Switching jargon for haiku: how the financial services sector communicates with young people

October 30, 2019 • 3 minute read

The past decade has seen an endless proliferation of buzzwords and the wholesale development of jargon in the corporate world, not only causing a headache for those of us working in communications that have to unravel such language but actively creating a barrier between businesses and their audiences. Unfortunately, this trend shows no sign of abating and those working in PR will need to meet the challenge head-on.

Using jargon can often get in the way of executing an effective communications strategy, especially when communicating with prospective clients/customers or journalists who, in particular, are known to dislike ‘corporate speak’. Indeed, Simon English of the Evening Standard now has a new section in his daily newsletter ‘Tomorrow’s Business’ where he dissects and mocks commonly used corporate jargon. Whilst many journalists may have an issue with it, corporate jargon can be useful when communicating with clients so those working in PR should learn when to use it and when to keep it internal. This lesson is even more important when applied to industries where jargon seems to be a huge barrier to communicating with key stakeholders.

The financial services sector is one of those areas where the language used by industry experts can be seen as off-putting or difficult to understand. To the uninitiated financial services can be complicated enough, so this extra layer of buzzword bingo can have a particularly negative impact – especially when companies in finance are trying to educate audiences on how to manage their money.

The Millennial Money Survey – a study of over 4,000 UK adults aged 18-35, found that two thirds did not have savings or investments in place to help them to achieve their life ambitions and that 30 per cent felt a lack of knowledge or understanding about the options available to them had stopped them from investing or saving. Up to 7.8 million people risk missing out on a brighter future because they don’t hold any long-term saving or investment products. This also means 7.8 million potential customers failing to be educated and serviced.

This is where the PR industry can come into play and provide the language and communication strategies necessary to encourage young people to invest and save.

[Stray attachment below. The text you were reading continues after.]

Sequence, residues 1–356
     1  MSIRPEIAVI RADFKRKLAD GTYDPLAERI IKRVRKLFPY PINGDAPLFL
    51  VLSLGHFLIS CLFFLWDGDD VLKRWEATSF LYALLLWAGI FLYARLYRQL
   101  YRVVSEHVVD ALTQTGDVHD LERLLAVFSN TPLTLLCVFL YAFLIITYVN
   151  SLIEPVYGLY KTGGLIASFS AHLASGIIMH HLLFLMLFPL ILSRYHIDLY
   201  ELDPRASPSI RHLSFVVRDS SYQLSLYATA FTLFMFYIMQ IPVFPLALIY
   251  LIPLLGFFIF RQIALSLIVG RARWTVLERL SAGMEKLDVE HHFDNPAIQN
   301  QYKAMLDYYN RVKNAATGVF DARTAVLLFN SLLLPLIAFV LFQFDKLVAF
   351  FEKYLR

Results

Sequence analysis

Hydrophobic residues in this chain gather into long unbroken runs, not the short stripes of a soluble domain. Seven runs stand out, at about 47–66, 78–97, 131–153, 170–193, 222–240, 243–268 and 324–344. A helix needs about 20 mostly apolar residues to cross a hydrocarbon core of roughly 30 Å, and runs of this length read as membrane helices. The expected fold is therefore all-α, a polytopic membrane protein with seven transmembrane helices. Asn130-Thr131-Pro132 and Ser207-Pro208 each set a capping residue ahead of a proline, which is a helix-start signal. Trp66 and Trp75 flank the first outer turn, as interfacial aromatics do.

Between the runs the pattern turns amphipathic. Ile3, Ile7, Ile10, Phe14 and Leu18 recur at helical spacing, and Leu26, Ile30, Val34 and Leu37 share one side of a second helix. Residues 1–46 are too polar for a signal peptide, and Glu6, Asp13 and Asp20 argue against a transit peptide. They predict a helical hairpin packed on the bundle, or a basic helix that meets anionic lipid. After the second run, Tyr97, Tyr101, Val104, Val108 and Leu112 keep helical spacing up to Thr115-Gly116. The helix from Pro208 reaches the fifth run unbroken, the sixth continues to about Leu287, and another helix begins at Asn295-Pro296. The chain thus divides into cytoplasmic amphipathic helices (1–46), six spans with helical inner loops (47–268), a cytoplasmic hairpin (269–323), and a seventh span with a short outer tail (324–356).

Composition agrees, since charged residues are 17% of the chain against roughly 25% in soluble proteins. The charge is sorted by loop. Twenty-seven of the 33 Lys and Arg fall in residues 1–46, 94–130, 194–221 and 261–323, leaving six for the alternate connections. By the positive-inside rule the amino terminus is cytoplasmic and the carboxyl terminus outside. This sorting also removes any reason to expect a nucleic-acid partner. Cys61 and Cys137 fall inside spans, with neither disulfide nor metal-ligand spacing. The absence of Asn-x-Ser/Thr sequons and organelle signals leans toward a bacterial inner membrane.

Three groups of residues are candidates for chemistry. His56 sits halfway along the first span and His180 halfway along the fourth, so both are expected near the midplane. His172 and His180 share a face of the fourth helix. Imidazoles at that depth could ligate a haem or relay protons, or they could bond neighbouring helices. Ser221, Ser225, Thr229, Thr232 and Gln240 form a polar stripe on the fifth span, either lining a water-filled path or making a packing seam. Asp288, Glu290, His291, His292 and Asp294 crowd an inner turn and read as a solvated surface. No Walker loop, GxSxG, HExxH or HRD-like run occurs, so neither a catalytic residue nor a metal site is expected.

Recent efforts from the government to encourage employees to save for their retirement by introducing auto-enrolment have undoubtedly resulted in progress but according to industry experts this is not enough – millennials who want to retire at the same age as their grandparents will have to save an extra £80,000, according to the latest retirement forecasts. Whilst campaigns warning against cold callers selling investment advice and products over the phone have been successful and are hard hitting, there have been few effective campaigns encouraging millennials to think about their future. Plugging PR experts into public and private-led campaigns from the offset can not only ensure campaign communications are easily understood and engaging but can also lead to more creative approaches that will genuinely connect with audiences.

This seems to have been taken on board by firms and media operating in the financial services space.  In 2018 Finimize launched a daily newsletter that was designed to encourage investing among young people by breaking down industry jargon. Their latest product, an app, is designed for use during morning commutes and tackles subjects like initial public offerings, exchange-traded funds and ethical trading. Similar newsletters from news sites such as Quartz offer a way for readers to ingest short, snappy pieces of financial news which otherwise would go unnoticed and unread – their market Haiku poems are a surprisingly excellent way of understanding market fluctuations.

Perhaps this is the way forward, offering younger people easily digestible content that the industry can use to spark initial interest. This may mean changing the way press releases are written if younger audiences are the primary target, to produce announcements that are shorter and more informative.

Creating audience-specific communications strategies will ensure the right language is used in the right circumstances. The financial services sector needs to come around to this way of thinking if it is to win over young customers, particularly in the world of investing and retirement. Biting the tongue before speaking with young audiences is a good way to start.